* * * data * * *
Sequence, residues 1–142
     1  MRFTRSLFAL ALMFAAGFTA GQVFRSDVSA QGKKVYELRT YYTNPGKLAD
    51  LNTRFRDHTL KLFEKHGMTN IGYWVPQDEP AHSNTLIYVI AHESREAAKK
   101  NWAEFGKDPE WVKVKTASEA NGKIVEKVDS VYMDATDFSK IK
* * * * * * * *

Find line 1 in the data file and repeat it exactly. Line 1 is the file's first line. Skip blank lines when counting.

Sequence, residues 1–142